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Re: Zen and the Art of Choosing an OS and Webserving Software by Windows Developers

  • Subject: Re: Zen and the Art of Choosing an OS and Webserving Software by Windows Developers
  • From: Roy Schestowitz <newsgroups@xxxxxxxxxxxxxxx>
  • Date: Mon, 16 Jan 2006 06:30:31 +0000
  • Newsgroups: comp.os.linux.advocacy
  • Organization: schestowitz.com / MCC / Manchester University
  • References: <x9OdnbgBptqyDFfenZ2dnUVZ_sSdnZ2d@adelphia.com> <1137359930.509846.128080@g47g2000cwa.googlegroups.com>
  • Reply-to: newsgroups@xxxxxxxxxxxxxxx
  • User-agent: KNode/0.7.2
__/ [WarpKat] on Sunday 15 January 2006 18:19 \__

> I went with my boss to the corporate HQ of our company in Pomona, CA
> last week and thought I'd share this with the crowd:  I met, for the
> first time, the developers of the accounting and inventory management
> software that our companies collectively use.  These are Windows
> developers.  The software they develop is run on Windows (which crashes
> or becomes slow in some way) on a daily basis.

Our user management software suffers from similar issues. It slows down
considerably or freezes to death rather frequently. I believe it was
developed in VB initially, but it all seems to be drifting Web-based, which
is encouraging. It's only a front end to fairly simple schemas and it is
poor when it comes to handling with exceptions (e.g. server unavailable).
SQL/LDAP primarily and much of the back-end is *nix.

> One of my goals was to make order status reports available to our
> customers over the web and to try to devise a plan of implementation.
> Keeping them in the loop was a good ethical move, despite the fact that
> I might meet with opposition and since these were the guys I would need
> to talk to in order to get this project moving.

One of advantages of Web-based applications is the availability to many,
shall that ever be required. No software installation is needed and there is
no dependency on one's system. So, I think you are making the right move by
all means.

> When the subject of which OS and webserver to use was brought up, I
> said, "I want to use a Linux box with Apache on it."  The developers
> chimed in and said, "Oh yes, absolutely - we wouldn't want Windows to be
> the platform used for this - it would be too insecure, even with a
> firewall."

Top Web sites choose Linux/Solaris, Apache/Litespeed, PHP/CGI,
MySQL/PostgreSQL. Why would you want to go against that inclination? *smile*

> This sorta shocked me.  Here I am under the impression that I would meet
> with extreme opposition to the choice of OS and webserver I would like
> to use (since PHP is able to talk to MS SQL Server) and to my surprise
> the Windows developers agreed.  The only problem they had was lack of
> knowledge of Linux and Apache.  The lead developer asked me what my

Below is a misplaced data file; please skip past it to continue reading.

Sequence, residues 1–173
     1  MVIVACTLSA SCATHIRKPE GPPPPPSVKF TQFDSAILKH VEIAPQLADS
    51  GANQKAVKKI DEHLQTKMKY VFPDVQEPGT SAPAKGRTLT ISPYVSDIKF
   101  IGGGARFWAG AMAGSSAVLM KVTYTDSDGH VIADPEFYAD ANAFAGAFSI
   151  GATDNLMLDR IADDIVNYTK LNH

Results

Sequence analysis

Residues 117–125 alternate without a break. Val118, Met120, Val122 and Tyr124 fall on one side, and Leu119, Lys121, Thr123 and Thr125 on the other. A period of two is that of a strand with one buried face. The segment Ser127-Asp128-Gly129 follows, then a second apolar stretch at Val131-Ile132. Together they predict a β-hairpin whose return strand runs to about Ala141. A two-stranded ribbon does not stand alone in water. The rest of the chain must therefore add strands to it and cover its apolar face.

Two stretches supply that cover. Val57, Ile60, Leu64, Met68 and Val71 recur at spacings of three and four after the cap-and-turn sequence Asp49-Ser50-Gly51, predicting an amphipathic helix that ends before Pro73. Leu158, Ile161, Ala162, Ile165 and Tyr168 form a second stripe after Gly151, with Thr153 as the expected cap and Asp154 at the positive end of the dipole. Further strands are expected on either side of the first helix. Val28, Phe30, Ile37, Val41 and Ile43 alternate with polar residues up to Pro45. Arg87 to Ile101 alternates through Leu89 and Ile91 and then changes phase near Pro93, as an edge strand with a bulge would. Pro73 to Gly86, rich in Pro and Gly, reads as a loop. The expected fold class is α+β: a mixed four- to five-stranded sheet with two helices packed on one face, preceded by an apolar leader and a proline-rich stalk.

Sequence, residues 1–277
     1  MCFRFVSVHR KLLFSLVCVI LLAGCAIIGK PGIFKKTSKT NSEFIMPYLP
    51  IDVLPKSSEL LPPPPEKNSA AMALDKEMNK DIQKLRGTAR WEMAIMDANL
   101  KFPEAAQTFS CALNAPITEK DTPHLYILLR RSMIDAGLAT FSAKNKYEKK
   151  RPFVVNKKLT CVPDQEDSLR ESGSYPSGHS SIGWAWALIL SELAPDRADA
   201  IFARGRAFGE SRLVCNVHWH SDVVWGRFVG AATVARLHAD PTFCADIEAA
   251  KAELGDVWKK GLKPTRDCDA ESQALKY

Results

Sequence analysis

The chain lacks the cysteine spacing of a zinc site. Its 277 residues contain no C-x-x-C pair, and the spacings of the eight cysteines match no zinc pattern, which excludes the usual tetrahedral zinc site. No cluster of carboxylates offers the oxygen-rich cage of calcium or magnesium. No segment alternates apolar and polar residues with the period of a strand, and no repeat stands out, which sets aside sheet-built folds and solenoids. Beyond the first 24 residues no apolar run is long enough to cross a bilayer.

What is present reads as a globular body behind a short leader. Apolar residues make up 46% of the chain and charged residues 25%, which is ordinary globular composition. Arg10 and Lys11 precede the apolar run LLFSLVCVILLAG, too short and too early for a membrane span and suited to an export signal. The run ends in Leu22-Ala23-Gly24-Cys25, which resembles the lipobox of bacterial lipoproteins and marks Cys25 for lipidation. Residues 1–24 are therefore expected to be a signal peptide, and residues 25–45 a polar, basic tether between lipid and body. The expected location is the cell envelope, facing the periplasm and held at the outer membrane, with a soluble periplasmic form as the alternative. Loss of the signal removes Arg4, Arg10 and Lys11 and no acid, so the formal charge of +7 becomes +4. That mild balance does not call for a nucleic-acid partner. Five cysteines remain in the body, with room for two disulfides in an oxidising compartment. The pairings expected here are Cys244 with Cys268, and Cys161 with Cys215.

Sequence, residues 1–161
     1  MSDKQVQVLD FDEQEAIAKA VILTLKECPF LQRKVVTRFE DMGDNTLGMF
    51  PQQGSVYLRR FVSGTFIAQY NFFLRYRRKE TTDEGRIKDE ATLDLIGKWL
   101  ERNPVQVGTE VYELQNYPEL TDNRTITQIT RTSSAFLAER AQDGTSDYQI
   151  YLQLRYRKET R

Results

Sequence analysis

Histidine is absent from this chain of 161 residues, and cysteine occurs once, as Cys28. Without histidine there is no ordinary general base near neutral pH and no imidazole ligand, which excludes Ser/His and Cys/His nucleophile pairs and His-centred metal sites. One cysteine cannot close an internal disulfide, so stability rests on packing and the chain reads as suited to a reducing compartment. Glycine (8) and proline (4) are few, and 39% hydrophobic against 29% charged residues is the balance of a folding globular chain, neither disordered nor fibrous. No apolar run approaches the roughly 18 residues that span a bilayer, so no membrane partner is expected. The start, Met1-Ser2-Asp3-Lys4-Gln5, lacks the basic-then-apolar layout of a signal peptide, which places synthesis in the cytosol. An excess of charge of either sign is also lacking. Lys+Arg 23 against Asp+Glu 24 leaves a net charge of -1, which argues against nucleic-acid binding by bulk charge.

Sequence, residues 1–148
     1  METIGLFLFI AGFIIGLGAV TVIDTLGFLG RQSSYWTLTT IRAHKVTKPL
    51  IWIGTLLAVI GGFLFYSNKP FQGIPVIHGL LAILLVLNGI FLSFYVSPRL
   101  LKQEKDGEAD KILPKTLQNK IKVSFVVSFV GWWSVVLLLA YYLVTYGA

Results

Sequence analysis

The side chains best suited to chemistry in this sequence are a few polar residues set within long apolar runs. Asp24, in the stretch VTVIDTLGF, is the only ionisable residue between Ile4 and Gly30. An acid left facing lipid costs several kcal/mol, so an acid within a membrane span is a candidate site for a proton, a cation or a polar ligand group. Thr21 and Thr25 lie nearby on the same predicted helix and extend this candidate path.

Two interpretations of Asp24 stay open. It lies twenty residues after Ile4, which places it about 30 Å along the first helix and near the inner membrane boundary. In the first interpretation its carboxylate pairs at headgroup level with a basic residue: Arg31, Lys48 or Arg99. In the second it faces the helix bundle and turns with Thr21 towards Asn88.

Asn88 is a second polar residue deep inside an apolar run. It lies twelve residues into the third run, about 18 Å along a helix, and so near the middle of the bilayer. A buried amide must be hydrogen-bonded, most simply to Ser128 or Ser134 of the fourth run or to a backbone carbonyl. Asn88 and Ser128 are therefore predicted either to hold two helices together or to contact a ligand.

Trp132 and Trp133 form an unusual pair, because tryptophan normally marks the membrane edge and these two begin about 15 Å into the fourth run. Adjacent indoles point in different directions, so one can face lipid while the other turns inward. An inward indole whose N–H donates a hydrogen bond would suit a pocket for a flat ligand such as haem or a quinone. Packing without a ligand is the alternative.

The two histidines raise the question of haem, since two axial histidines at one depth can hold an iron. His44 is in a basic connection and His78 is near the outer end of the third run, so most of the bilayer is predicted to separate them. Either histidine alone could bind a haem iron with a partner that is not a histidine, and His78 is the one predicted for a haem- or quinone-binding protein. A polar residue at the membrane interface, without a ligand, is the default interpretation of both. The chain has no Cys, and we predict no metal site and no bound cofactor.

> experience was with it, so I told him, and he then said, "Well, I'm glad
> you're on our team then...the last I played with Linux was 5 YEARS ago..."
> ...

There are a few Windows employees that still bother to see what Open Source
is up to. They are not disappointed. It is unfortunate when Visual Studio,
Office, IIS and Exchange become the world in its entirety, at least in some
people's mind. Narrow-mindedness leads to poor(er) choices.

__/ [rex.ballard@xxxxxxxxx] on Sunday 15 January 2006 21:18 \__

> Even Microsoft front-ends their services with Linux.  The Linux
> machines provide firewall, load distribution, and proxy services.
> Since there is nothing in the Apache License that says the user MUST
> state that he is using Apache, Microsoft seems to have no problem with
> putting "Windows" in their headers.

I was recently told that they had been using BSD for their Web sites until a
few years ago. I guess it was not a good way of encouraging sales of
IIS-related products. Could they ever live with the guilt?

> The one thing you probably WILL see however is that they want Apache to
> function as a PORTAL for all of their IIS/ISAPI/.NET applications,
> which will then try to shove ActiveX controls down the browser's throat
> - meaning you pretty much need IE or will be throwing the doors of
> FireFox wide open when you install the ActiveX plug-in.
> The Microsoft platform will do it's usual "dirty tricks" while your
> Apache passes the I-Frame directly through.
> Keep in mind however, that if they end up doing .NET, that you CAN
> insist that the application use only unsigned Java Applets (forces
> sandbox rules) or only HTML in all forms and responses.  They won't
> like it, because there is a bit more work involved, but it will at
> least keep you from telling your FireFox, Opera, and Linux customer to
> "Go away, we don't want to talk to you, you'd rather buy from our
> biggest competitor anyway - we don't want your money".
> Make sure that you test the CLIENT interfaces with IE, FireFox,
> Netscape 8, Opera, and Kommander.  Make sure that those requirements
> are in your statement of work.

Kommander? I never heard of such a thing. A Konqueror relative? Regardless, I
would have to add Safari to the list. There is no better way of driving away
customers than to tell them the service discriminates against their system.
Remember: "everybody's system is the best" (to them). Don't insult anyone.

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